8. Rules by Cynthia Lord

Rules is a highly recommended book, written specifically with fifth graders in mind. It teaches life lessons about friendship, the importance of personal space, and learning to appreciate the company of others. Although this book is rated for fifth graders, it can also be enjoyed by younger and older readers alike.

Rules traces the life of Catherine, a twelve-year-old, who just wants a normal life. Unfortunately, that is easier said than done since Catherine has a younger brother with autism and her family’s life revolves around him. Catherine tries to teach her brother what ‘’normal behavior’’ looks like until she meets new friends who make her question what normal really is. 

9. Fish in a Tree by Lynda Mullaly Hunt 

Fish in a Tree is a nonfiction book that follows the life of a fifth-grade girl named Ally who has dyslexia. Ally has been smart enough to fool a lot of people and hide her inability to read by creating clever distractions. However, her new teacher sees Ally not as the troublemaker in class, but as a bright and creative child. With his help, Ally embarks on a journey of rediscovery and self-acceptance.

Fish in a tree brings about the lesson that If you judge a fish by its ability to climb a tree it will live its entire life believing it is stupid. In other words, everyone is different and should be taught in ways that allow them to succeed. Through this story, Ally learns not to be so hard on herself and that great minds don’t always think alike.

10. The Westing Game by Ellen Raskin

The Westing Game is a mystery/thriller that will have readers wanting to uncover the secrets of Sam Westing, a puzzle-loving millionaire who wants his friends and family to play one final game, one that may uncover a murder.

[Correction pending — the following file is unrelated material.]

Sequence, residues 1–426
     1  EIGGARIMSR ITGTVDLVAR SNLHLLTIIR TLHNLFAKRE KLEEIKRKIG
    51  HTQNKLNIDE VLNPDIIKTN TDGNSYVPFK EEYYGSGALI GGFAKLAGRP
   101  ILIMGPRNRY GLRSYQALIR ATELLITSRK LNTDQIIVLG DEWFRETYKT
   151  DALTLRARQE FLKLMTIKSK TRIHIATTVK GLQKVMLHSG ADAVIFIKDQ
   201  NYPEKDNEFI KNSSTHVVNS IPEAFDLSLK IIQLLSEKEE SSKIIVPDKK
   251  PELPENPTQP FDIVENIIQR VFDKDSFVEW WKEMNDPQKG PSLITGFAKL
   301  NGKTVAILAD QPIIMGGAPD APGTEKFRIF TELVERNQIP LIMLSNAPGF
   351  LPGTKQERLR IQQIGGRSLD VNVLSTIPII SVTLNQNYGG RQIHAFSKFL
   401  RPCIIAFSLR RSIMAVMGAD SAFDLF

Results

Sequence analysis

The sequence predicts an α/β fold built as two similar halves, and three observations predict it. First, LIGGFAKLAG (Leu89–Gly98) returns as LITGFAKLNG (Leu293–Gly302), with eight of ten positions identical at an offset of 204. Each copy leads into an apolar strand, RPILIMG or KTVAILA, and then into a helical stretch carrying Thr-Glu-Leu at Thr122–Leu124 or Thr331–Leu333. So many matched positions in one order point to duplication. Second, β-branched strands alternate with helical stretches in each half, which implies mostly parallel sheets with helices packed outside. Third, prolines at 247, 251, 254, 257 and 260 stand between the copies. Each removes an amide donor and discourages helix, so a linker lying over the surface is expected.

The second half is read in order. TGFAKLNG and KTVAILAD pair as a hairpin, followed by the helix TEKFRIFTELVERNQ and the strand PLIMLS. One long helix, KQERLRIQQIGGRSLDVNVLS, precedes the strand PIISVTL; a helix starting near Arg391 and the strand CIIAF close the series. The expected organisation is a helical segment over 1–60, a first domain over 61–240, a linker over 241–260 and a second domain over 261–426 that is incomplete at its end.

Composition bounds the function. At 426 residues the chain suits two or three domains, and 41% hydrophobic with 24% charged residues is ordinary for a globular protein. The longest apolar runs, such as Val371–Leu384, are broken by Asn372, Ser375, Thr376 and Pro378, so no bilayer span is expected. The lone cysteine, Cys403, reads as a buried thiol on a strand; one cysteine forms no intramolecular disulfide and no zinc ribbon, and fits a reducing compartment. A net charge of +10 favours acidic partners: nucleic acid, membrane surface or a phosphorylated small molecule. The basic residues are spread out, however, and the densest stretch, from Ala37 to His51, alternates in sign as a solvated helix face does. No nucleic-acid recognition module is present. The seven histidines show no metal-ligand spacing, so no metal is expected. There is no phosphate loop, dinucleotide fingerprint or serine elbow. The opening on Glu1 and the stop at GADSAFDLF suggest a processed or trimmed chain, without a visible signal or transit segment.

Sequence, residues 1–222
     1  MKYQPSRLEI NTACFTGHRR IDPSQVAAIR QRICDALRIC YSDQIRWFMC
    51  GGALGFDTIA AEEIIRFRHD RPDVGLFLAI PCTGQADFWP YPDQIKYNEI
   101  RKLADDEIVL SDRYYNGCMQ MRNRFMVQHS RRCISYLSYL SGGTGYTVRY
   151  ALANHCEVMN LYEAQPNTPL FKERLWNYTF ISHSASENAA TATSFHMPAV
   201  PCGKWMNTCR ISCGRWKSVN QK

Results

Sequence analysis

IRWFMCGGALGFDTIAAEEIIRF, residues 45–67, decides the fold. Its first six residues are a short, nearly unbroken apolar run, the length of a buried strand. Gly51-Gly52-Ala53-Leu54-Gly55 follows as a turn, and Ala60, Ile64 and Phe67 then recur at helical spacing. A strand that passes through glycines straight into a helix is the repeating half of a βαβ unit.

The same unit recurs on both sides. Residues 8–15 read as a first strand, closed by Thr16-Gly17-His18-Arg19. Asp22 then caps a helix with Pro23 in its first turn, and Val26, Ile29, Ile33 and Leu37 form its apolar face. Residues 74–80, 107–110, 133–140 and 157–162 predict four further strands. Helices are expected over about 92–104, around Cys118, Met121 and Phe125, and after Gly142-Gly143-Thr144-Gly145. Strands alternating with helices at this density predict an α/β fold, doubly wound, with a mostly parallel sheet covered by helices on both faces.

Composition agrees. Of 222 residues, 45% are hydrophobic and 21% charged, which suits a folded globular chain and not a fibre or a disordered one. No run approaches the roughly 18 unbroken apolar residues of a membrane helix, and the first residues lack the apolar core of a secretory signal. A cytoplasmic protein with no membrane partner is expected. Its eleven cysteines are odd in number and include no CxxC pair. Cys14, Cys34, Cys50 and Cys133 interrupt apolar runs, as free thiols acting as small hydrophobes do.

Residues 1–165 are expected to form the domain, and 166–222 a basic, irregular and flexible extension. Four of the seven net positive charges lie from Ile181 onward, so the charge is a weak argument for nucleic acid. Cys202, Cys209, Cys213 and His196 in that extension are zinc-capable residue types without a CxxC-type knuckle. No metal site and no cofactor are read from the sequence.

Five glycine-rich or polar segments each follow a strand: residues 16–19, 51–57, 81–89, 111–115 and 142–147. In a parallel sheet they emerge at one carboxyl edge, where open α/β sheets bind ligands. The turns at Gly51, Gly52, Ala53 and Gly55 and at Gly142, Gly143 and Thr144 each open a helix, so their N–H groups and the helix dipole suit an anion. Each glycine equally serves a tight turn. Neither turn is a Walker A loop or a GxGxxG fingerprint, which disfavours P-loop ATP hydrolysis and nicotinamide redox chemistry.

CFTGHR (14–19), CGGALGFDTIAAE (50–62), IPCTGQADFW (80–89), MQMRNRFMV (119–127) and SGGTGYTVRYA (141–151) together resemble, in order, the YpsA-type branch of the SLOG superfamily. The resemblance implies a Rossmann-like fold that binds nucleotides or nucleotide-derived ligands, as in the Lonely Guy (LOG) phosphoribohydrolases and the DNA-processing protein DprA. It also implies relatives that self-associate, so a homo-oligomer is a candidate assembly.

The plot of the book is quite unique as it traces a bizarre chain of events that begins after sixteen people gather for the reading of Sam Westing's will. Who will solve the difficult puzzle and figure out the truth about Sam Westing’s death? A book filled with suspense and the thrill of a good mystery, fifth-grade students will enjoy it thoroughly.

11. A Long Walk to Water by Linda Sue Park 

A Long Walk to Water is a nonfiction book about two countries, Uganda and Sudan, both during different times in history. This book follows the stories of Salva, an orphaned Sudanese boy, and Nyaako, a girl living in Uganda. Both of these characters struggle to find basic necessities of life like water and food.

While the characters are based in different zones, their paths end up crossing to create a beautiful and heartwarming story. The focus on history and important life lessons in this book make it a perfect read for fifth-grade students.

12. Percy Jackson and the Olympians: The Lightning Thief by Rick Riordan

Percy Jackson is a series of books that follow the adventures of Percy as he tries to save his mother from Hades. Although this book is classified as juvenile fantasy, it contains mature themes including death, betrayal, and violence that may be appropriate for more adult audiences. 

This book in the series follows Percy’s transition into a magical world as his mother eventually reveals the truth about his father and his origins. The series is also a perfect introduction to Greek mythology for students!

Browse classroom books


This post was written by Joelle Shusterman, the Marketing Intern aBookPal. She is currently reading Ace of Spades by Faridah Abike-lyimide.

Recent Posts